China has tightened regulation of the streaming industry as Beijing is accelerating its crackdown on the "chaos" spread by video platforms, Reuters reports. From now on, those netizens under 18s can't tip streamers or become streamers themselves without guardian consent.
Moreover, the National Radio and Television Administration now also prohibits watching streams after 10 pm local time for those netizens, where their "parent control" function is activated. Otherwise, they will be turned off "forcibly."
The move is expected to help China with its fight against social networks to "promote what is deemed as appropriate and legal content," the report says. Among Chinese IT giants, the video streaming market is dominated by the local equivalents of TikTok called "Kuaishou," "Bilibili," "Huya" and "Douyu."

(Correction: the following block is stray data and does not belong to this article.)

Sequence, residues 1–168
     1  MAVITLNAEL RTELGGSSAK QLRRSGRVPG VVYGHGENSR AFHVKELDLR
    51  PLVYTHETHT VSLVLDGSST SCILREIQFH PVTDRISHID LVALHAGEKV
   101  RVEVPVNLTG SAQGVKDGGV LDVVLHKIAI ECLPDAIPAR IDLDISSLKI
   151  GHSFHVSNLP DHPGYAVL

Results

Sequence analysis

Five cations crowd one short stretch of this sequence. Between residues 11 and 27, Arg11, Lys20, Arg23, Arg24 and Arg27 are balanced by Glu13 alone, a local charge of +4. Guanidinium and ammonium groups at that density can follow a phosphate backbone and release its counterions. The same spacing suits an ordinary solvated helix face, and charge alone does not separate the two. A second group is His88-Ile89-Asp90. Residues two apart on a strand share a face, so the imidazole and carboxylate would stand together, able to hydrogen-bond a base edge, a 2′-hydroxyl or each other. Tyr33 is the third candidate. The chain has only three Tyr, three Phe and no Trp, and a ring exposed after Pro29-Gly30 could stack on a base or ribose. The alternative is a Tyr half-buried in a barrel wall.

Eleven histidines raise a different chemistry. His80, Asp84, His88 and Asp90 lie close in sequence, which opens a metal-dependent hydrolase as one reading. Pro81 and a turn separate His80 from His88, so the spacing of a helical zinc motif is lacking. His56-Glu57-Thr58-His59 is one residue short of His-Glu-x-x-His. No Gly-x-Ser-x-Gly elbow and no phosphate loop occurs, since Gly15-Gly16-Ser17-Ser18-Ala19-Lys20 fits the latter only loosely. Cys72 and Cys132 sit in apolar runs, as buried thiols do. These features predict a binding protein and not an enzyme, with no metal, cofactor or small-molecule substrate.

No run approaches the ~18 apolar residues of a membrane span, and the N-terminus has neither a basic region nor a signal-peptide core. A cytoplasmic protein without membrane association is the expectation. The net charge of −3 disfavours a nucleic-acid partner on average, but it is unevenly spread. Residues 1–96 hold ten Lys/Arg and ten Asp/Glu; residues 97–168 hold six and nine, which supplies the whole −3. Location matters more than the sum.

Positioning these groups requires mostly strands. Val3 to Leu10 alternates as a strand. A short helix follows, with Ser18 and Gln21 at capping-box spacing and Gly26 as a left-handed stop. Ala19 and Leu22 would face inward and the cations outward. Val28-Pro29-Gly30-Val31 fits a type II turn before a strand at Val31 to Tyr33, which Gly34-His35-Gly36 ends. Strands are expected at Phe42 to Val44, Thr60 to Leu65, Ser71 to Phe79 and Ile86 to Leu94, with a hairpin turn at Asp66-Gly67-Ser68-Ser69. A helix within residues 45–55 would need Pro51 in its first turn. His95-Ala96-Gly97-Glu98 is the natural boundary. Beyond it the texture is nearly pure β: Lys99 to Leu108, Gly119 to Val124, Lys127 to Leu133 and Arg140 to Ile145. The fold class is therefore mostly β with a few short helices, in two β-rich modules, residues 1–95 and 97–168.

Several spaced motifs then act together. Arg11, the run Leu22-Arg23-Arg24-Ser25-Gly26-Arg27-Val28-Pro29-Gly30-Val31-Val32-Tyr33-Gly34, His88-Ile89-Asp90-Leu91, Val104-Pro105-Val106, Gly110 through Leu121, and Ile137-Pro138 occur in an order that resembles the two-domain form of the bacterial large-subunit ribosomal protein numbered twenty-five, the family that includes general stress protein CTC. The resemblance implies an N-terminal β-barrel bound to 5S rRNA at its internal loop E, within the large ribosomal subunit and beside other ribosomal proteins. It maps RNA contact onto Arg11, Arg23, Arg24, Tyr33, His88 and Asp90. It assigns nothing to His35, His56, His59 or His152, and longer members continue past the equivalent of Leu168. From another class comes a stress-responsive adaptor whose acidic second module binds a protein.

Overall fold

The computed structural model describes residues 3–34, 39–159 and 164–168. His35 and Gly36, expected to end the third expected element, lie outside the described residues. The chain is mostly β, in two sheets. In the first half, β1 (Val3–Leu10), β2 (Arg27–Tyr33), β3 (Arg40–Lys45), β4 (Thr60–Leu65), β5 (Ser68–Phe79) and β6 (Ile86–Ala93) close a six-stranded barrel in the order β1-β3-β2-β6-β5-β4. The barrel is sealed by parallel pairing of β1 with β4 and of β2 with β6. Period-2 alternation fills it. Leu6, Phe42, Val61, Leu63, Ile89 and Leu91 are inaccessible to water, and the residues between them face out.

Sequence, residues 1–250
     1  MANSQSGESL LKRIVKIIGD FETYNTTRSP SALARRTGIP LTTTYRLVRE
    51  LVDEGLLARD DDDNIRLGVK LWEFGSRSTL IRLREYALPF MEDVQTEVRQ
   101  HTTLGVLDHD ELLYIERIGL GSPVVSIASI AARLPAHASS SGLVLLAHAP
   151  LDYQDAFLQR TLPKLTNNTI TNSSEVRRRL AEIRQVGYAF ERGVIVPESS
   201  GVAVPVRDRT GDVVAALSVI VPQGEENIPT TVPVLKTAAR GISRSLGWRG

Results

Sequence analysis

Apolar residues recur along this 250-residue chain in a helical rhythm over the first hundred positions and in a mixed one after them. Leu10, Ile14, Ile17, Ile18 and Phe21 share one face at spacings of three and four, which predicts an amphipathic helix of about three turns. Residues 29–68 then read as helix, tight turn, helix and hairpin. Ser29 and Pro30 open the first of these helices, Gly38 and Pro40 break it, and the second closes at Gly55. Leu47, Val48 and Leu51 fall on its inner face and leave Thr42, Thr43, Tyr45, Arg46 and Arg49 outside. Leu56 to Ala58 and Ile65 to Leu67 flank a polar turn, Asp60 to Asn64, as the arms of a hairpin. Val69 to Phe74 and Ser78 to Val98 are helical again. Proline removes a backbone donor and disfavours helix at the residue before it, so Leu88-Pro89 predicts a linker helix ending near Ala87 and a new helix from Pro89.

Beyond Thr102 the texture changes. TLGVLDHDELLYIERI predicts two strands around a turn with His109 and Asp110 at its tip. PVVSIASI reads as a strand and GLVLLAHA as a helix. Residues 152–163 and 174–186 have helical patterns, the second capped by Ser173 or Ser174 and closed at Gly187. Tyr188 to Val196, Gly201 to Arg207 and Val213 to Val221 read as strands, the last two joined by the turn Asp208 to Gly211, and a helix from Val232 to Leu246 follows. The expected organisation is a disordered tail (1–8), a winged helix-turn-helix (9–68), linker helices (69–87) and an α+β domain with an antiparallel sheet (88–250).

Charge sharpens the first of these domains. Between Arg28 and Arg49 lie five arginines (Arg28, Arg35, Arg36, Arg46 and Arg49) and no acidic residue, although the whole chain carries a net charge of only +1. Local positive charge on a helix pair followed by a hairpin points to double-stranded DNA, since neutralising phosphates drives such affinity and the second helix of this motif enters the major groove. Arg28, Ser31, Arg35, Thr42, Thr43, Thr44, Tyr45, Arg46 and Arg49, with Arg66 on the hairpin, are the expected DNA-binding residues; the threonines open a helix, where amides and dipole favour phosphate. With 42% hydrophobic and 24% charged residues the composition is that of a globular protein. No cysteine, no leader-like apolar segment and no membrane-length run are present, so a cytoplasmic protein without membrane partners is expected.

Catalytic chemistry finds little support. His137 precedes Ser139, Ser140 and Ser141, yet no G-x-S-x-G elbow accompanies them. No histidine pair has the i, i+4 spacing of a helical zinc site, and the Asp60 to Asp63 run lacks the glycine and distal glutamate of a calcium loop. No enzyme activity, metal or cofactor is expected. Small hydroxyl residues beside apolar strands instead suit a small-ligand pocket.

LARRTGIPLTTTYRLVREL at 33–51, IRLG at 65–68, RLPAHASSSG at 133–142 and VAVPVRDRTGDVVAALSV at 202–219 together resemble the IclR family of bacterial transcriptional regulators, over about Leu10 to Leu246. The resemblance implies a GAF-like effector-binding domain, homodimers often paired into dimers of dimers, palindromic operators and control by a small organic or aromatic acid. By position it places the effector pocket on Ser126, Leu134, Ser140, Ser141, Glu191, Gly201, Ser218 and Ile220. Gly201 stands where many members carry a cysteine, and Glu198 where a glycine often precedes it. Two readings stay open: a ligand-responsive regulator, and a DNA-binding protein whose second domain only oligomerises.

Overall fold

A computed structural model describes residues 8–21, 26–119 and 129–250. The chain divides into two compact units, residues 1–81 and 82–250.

In April, the Chinese Academy of Governance, a training institution for government officials, rolled out a "metaverse-empowered" party-building system. According to reports, the untitled hub supports party-building work in a "flexible and powerful way," in addition to hosting party conferences and exploring 3D models of historical relics in virtual reality.
This isn't the first time China strikes video platforms. Last December, Beijing blacklisted cryptocurrency-related content on video-sharing apps. Particularly, the China Netcasting Services Association included cryptocurrencies in a ban list of 100 topics that Chinese video platforms should avoid.